5210 of the California Corporation Code, which allows the Board of Directors to “delegate the management of the activities of the corporation to any person” provided that the corporation’s powers continue to be “exercised under the ultimate direction of the Board [of Directors].”  We would respond to such a suggestion with two points.  First,  the tail of the California Corporation Code should not be allowed to wag the dog of a truly international Internet-based institution; if a provision of the California Corporation Code prevents ICANN from setting up an independent review panel of this kind, we would respectfully suggest that the Board consider re-locating to a jurisdiction that takes a more enlightened view of the matter.  But second, more importantly, we do not believe that there is a conflict between the provisions set forth above and California law.  Because the IRP has no “executive” authority  no power to implement directly any determination that it may make or to "manage[ ] the activities of the corporation"  the Board clearly retains “ultimate direction” of corporate action.  No IRP decision can be put into place unless and until the Board acts  by rescinding a prior action deemed by the IRP to be outside of, or by taking some action that the IRP has determined is required by, the ICANN By-laws or Charter  and the Board will not (and should not) act unless it is satisfied that the IRP’s view of the matter in question is a reasonable one.

2.  Standing to file claims.

Principle 6 of the Interim Report states that “Any individual or entity may file a claim if that individual or entity has been materially affected by the contested action or failure to act by the ICANN Board” (emphasis added).  As noted in its Comment 6, the Advisory Committee apparently believes that giving “any affected party” the right to bring a claim to the IRP “sweeps too broadly,” insofar as “nearly every Internet user can be said to be affected in some quantum by nearly any decision of the ICANN Board.”

We would urge the Advisory Committee to reconsider this decision.  It is precisely because “nearly every Internet user can be said to be affected in some quantum by nearly any decision of the ICANN Board” that enabling such persons to bring their claims to the IRP is so important.  The IRP, after all, may well be the only forum where such claims can be aired.  We understand the concern with the possibility that the IRP will be presented with frivolous and meritless claims.  But the “materially affected” standard  indeed, no standard  will prevent frivolous claims from being filed.  Whatever the standard chosen, the IRP will (and should) develop mechanisms for disposing quickly and efficiently with such claims.  The goal is to insure that the IRP duly considers non-trivial claims that ICANN action (or inaction) was contrary to the corporation’s governing documents; it is not at all clear to me that narrowing the standing requirement serves this goal, and a stronger argument can be made that it impedes it.

3.  Composition of the IRP

Principle 2 of the Interim Report states:
“The Members of the IRP shall be nominated by  a Nominating Committee and confirmed by a 2/3 vote of the ICANN Board.   The Nominating Committee shall be composed of individuals who are not members of the ICANN Board of Directors.”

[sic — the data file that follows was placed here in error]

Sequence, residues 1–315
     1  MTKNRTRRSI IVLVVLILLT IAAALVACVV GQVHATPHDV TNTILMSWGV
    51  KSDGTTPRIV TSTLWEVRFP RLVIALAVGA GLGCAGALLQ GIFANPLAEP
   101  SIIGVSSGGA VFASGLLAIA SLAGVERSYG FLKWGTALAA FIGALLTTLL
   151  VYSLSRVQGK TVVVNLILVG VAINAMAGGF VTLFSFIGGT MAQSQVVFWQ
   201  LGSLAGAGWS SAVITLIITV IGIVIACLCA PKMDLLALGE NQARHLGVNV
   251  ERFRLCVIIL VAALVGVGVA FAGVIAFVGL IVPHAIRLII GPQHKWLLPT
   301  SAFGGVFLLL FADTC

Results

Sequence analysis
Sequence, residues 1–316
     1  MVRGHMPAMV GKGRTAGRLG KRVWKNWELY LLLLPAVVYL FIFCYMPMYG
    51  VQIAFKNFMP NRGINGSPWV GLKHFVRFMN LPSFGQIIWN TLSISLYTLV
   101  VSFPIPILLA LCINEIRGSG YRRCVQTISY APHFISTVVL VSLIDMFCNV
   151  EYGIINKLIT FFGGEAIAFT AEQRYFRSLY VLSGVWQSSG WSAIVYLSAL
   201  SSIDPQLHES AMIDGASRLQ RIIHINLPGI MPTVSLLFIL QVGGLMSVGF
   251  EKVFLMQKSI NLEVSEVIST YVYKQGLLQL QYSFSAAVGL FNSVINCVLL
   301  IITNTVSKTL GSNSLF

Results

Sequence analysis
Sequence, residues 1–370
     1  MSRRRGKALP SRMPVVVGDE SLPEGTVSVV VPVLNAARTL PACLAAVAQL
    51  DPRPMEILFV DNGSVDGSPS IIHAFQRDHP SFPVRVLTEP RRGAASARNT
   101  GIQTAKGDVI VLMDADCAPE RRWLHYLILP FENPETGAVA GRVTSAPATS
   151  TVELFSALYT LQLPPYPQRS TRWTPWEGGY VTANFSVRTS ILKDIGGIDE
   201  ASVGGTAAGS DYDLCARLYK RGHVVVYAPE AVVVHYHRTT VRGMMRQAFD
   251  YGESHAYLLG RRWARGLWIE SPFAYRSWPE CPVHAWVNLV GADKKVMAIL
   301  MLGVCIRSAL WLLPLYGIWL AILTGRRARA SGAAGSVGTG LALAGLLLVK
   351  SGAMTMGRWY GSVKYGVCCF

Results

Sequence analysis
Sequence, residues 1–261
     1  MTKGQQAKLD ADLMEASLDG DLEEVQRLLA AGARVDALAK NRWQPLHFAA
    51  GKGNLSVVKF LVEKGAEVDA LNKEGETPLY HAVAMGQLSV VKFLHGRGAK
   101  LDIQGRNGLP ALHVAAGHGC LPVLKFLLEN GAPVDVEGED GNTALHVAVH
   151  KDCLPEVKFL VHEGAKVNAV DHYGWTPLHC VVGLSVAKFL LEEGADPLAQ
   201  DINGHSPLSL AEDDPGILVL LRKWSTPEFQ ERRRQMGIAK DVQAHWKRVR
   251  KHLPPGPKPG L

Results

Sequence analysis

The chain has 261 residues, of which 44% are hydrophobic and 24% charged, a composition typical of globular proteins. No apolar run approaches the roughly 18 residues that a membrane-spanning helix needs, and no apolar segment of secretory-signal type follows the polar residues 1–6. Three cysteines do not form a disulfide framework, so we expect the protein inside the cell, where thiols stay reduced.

The goal of securing a degree of independence for the IRP by having its members appointed by a Nominating Committee composed of non-Directors (subject to approval of a supermajority of the Board of Directors) is an excellent one.  The Interim Draft does not, however, specify the way that members of the Nominating Committee will be appointed, and the Advisory Committee might consider specifying that more precisely.  We assume that the Committee contemplates Board appointment of Nominating Committee members; this, however, has the potential for undoing precisely the independence at which the provision is aiming; the Advisory Committee might consider, for example, allowing the Domain Name Supporting Organizations to play a role in appointing the members of the Nominating Committee.

4.  Compensation for IRP Members

Principle 10 of the Interim Report states: 
“Initially, the Members of the IRP shall be reimbursed for their expenses.  In the future, subject to the availability of funds on the part of ICANN, the Members of the IRP should be paid a reasonable fee for their professional services.”
Elsewhere in the Interim Report (Comment 1) there is a reference to the IRP members serving “essentially in a voluntary capacity [without] adequate time to devote to the IRP.” 

Even with the changes that we have suggested here, the IRP will be entirely dependent, as the Report states in Comment 9, on “the prestige and professional standing of its members, and on the persuasiveness of its reasoned opinions.”  The IRP’s prestige may be significantly diminished to the extent that it is viewed as a part-time, voluntary engagement, and its ability to perform its functions in a professional and persuasive manner may also be undercut to the extent that is the case.  We recognize the uncertainty surrounding the scope of the IRP’s duties, the number of claims that may be presented to it, and the time that members will need to devote to those duties, all of which may make it unwise to set any specific level of compensation for IRP members at this time.  But the principle that IRP members will be compensated, not merely as an afterthought if there is money remaining in the ICANN till but because the IRP is a critical part of the ICANN structure that needs to attract individuals of the highest possible quality, is an important one that should be more clearly stated.


David Post -- Temple Univ. School of Law
215-204-4539	Postd@erols.com		http://www.temple.edu/lawschool/dpost.html